July 2019 is coming to an end, the Phoenix tour too. The producer of the French quartet, Philippe Zdar, died a month ago of an accidental fall, at the age of 52. In Portugal, in front of thousands of festival-goers, Thomas Mars feels emptied. “ I was on autopilot, never happened to meremembers the singer. When we played Rome, Philippe’s favorite song, I felt nothing. It was time to write new songs for him. »
Here we are, a few weeks later, at Rome airport, precisely. Before his flight, Laurent Brancowitz devours an essay by the Latinist and Hellenist Pierre Vesperini, Lucretius, Archeology of a European Classic (Fayard, 2017). The Phoenix guitarist looks up from the book, stares at another passenger, hesitates to approach him, launches out. “It was the first time that a reader came to greet me, unexpectedlysays the French historian, 44 years old. He told me he was playing with a group of friends at Versailles: Phoenix. It meant nothing to me, I only listen to classical… But I was happy to be read by a rocker. » Back home, in Porto, Pierre Vesperini shares the anecdote with his partner, Leonor Baldaque. “ Don’t you realize, Pierre, it’s the most important French band in the world! »exclaims the Portuguese author and actress, who has starred in several films by Manoel de Oliveira.
Shortly after, the historian lends himself to a meeting-dedication in a bookstore in the Latin Quarter, in Paris. “ There was hardly anyone, it was lamentable, describes Vesperini. At one point, three guys appear in a row, looking mischievous. I understood that it was about the other members of Phoenix [Thomas Mars, le guitariste Christian Mazzalai et le bassiste Deck d’Arcy]. They clashed completely with the rest of the readers. » It was Deck, a philosophy enthusiast, who introduced his friends to the work of the Hellenist, until they all found themselves reading one of his works, in the fall of 2019. “Vesperini deconstructs the dominant idea that philosophical schools in antiquity were very segmented, explains the bassist. On the contrary, he shows, with great humility, how porous they were. In the attitude, it echoes our desire to mix styles that are a priori distant. »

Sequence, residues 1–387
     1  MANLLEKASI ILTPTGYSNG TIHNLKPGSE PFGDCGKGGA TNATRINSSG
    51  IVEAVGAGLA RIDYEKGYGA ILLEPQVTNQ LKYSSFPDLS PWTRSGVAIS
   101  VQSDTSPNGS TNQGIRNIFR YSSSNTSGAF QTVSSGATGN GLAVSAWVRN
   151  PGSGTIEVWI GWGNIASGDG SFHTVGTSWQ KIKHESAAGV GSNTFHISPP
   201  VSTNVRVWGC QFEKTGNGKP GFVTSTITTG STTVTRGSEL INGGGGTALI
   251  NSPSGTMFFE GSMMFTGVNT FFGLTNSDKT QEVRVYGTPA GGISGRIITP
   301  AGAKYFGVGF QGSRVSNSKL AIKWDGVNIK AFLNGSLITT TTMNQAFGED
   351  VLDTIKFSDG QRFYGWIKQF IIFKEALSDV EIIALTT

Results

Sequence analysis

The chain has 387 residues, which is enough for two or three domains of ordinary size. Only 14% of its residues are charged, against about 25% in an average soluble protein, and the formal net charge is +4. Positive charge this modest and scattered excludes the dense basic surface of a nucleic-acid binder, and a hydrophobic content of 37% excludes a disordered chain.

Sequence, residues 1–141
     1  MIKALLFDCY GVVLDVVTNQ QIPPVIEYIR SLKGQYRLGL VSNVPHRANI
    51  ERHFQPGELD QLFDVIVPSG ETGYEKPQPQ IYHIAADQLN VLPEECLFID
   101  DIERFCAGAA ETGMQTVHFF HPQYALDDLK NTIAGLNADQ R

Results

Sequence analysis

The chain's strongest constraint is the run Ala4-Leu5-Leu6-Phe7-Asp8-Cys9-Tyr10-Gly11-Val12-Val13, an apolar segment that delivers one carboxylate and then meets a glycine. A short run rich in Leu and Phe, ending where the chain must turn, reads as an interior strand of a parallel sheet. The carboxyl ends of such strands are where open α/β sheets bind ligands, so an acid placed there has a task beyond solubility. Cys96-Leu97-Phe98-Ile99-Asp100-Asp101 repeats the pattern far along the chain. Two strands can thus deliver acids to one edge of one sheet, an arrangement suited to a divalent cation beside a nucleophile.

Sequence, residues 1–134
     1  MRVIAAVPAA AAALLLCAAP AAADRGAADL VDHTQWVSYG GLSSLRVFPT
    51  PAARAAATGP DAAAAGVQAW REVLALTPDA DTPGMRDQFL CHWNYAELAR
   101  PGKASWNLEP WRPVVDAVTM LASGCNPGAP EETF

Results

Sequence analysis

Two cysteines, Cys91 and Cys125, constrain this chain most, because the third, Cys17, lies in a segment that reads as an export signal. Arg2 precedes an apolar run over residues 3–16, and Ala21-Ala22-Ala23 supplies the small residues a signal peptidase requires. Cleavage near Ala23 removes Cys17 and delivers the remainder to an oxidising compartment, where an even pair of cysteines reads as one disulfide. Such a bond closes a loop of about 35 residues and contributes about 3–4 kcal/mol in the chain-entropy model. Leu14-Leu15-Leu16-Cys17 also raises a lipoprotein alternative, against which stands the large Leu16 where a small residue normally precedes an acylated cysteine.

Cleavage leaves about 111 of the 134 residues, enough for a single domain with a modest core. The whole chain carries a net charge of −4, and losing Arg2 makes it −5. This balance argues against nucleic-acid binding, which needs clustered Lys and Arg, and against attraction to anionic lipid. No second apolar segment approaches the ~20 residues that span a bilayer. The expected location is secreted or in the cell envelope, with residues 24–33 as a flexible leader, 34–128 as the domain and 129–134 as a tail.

This eclecticism formed the keystone of their first album, United (2000), which intertwined pop, R’n’B, rock, electro or country, sometimes within the same piece. This is also the case ofAlpha Zulutheir seventh album, released on November 4. “ The disc goes in all directions, we chose the most distant pieces. There is a Frankenstein side, which reminds United,” agrees Thomas. In fact, it is less easy to distinguish a red thread than on the blockbuster Wolfgang Amadeus Phoenix (2009), an agile tribute to the golden age of European culture, that on Ti Amo (2017), which vibrated with an intensely Italian sensuality.
You have 71.96% of this article left to read. The following is for subscribers only.